What is Pit Viper Bite Poisoning?
The pit viper gets its name from the way this type of snake detects the presence of its prey or danger. All of these types of snakes have small pits between its eye and nostril on each side which can detect heat. Since they have very bad eyesight, they use these heat pits to detect the heat from your body along with vibrations in the ground when you (or your dog) approaches them. It is easy to distinguish these snakes from other snakes because they have a triangular head, two long fangs that can retract, oval shaped eyes, and the rattlesnakes actually have a rattle on the end of their body that they shake to make the noise that these types of snakes are famous for. The rattlesnake bite is the number one cause of snakebites in North America even though they do not bite unless they feel threatened. If the bite is treated right away, it is usually not fatal. As a matter of fact, pit vipers do not use venom in approximately one out four cases.
If your dog gets bitten by a rattlesnake or other type of pit viper (i.e. copperhead, water moccasin) it is best to keep them calm and take them to an emergency animal hospital if your veterinarian is not available immediately. The venom causes a type of blood poisoning in your dog that will stop the blood from being able to clot effectively, making excessive bleeding a major concern. Even if you cannot see the blood, your dog could be bleeding internally. This toxin also causes tissue damage and death, low blood pressure, and neurological damage. It is vital that you get your dog to the veterinarian immediately after the snake bite because the sooner you get your dog treated, the better the chances of survival.
Pit vipers are poisonous snakes that include rattlesnakes, copperheads, and water moccasins (cottonmouths). If your dog is bitten by any of these snakes, it is a life-threatening emergency and you need to take him to the veterinarian or animal hospital immediately. The venom from these snakes causes injury to the soft tissues, respiratory distress, kidney damage, destruction of the blood vessels, the inability for the blood to clot, and necrosis (dead tissue). If not treated right away, the damage will be irreversible and will result in loss of a limb or death.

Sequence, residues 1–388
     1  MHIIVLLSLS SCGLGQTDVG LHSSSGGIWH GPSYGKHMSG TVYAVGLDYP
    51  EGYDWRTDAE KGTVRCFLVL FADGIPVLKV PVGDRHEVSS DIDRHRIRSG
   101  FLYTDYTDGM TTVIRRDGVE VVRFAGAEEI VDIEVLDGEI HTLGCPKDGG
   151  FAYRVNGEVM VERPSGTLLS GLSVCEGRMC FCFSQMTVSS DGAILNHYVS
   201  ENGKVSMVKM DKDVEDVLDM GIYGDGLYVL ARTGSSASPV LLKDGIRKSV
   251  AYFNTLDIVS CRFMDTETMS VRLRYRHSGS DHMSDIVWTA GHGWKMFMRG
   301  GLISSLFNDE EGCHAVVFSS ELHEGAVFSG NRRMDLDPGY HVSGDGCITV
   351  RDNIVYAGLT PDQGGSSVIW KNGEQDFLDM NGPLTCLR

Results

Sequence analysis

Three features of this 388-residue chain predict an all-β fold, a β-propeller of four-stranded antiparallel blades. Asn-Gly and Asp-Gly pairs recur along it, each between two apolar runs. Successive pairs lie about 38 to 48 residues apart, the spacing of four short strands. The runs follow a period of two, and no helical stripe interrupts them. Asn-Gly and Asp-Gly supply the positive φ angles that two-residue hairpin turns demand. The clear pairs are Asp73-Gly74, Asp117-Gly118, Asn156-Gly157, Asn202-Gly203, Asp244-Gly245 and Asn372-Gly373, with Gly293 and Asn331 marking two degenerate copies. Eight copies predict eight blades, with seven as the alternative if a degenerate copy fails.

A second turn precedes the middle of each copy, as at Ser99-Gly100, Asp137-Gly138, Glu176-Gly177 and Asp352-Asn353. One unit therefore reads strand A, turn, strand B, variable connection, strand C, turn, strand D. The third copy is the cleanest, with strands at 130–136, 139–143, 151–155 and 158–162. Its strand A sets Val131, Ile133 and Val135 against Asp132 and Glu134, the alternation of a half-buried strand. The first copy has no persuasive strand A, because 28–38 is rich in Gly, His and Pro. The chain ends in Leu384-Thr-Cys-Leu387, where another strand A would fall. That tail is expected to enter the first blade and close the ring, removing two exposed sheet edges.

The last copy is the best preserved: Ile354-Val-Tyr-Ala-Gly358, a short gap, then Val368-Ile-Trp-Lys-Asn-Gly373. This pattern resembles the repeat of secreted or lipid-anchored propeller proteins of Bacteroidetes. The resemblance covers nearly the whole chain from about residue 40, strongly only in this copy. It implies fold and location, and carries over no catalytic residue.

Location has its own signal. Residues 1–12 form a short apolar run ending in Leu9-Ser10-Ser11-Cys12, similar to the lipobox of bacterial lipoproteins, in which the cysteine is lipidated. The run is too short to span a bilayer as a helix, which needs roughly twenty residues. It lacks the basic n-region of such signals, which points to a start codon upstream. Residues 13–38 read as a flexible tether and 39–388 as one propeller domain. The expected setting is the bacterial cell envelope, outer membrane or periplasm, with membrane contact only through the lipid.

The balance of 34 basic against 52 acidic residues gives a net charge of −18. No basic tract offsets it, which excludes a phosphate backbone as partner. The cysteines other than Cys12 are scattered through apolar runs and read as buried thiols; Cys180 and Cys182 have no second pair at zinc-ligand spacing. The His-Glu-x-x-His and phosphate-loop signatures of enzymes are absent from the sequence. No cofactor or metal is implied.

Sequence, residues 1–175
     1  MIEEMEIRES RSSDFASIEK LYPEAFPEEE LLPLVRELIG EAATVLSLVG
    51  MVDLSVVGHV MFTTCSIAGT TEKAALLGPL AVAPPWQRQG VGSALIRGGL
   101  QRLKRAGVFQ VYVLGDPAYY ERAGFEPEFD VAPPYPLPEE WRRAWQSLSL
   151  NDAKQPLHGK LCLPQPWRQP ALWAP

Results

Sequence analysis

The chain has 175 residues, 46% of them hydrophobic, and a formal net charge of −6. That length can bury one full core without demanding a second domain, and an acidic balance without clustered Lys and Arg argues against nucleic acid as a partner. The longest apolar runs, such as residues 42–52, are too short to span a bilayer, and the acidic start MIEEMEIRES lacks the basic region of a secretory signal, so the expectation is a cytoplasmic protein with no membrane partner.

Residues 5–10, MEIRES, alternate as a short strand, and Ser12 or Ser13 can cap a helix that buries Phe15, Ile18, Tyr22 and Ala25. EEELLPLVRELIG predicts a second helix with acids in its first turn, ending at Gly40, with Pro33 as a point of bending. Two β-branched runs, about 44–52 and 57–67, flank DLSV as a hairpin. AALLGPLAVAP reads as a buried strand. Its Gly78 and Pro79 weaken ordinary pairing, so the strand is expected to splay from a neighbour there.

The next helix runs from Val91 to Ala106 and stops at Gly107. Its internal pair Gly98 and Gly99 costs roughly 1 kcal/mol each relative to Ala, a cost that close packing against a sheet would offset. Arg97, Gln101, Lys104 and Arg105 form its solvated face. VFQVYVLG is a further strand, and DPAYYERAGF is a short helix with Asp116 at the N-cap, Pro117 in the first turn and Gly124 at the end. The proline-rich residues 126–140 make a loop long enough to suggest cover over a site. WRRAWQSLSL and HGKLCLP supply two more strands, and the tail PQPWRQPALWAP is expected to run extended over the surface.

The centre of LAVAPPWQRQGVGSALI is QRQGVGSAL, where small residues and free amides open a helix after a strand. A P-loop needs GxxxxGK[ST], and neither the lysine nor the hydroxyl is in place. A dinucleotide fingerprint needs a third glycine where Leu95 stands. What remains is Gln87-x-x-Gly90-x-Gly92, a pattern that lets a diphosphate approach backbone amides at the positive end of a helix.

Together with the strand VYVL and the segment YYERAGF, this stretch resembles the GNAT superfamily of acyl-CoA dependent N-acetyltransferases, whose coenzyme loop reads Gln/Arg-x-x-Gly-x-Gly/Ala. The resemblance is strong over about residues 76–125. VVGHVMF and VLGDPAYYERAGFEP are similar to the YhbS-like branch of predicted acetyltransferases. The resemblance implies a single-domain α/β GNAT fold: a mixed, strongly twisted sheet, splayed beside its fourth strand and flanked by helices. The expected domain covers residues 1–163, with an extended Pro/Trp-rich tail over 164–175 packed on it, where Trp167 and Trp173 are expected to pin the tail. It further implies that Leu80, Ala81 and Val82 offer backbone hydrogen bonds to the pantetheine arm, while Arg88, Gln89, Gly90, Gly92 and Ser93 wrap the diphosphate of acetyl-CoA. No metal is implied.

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Symptoms of Pit Viper Bite Poisoning in Dogs
There may be no symptoms at all for up to eight hours, but if you know that your dog has been bitten by a snake, you should go to the veterinarian or animal hospital right away. Even if you do not know what kind of snake it was, it is best to err on the side of caution. The symptoms most commonly seen in pit viper snake bites are:
- Visible bite marks usually on face or extremities (i.e. two puncture wounds close together)
- Agitation and restlessness
- Breathing trouble (i.e. gasping, panting)
- Extreme sleepiness
- Trouble walking
Causes of Pit Viper Bite Poisoning in Dogs
The cause of pit viper bite toxicity is a bite from a rattlesnake, copperhead, or water moccasin.
Diagnosis of Pit Viper Bite Poisoning in Dogs
The veterinarian will need to know what kind of snake bit your dog if possible, but do not go out of your way to look for it. It is much more important to get your dog to the veterinarian rather than go look for a snake. The veterinarian may be able to tell if it was a poisonous snake or not, but it is best to consider the bite to be venomous just in case it was. Provide the veterinarian with as much information you have about the incident and your dog’s medical history as well. This includes any recent illness or injury, allergies, changes in behavior, energy level, or appetite, and vaccination records.
The veterinarian will check your dog’s vitals (i.e. temperature, heart rate), do a CBC (complete blood count), clotting test, urinalysis, and EKG (electrocardiogram) to check for damage of your dog’s heart (i.e. arrhythmia, tachycardia). They may also need to get some radiographs (x-rays), ultrasound, or CT scans.
Treatment of Pit Viper Bite Poisoning in Dogs
Antivenom is the only treatment that is confirmed to be effective for a venomous pit viper bite, but it has to be used within 12 to 24 hours of the bite and it is very expensive. Some veterinarians may decide not to use the antivenom if he thinks your dog will recover without it, such as with a minor bite in a large dog. Other treatment procedures to control the symptoms are corticosteroids (i.e. prednisone), antihistamines (i.e. diphenhydramine), fluid and oxygen therapy, antibiotics (i.e. ampicillin) and pain medication (i.e. tramadol).
Recovery of Pit Viper Bite Poisoning in Dogs
Your dog’s chances of recovery depends on how soon you can get treatment, the type of snakebite, and where your dog was bitten. The closer the bite is to your dog’s heart, the faster his health will decline.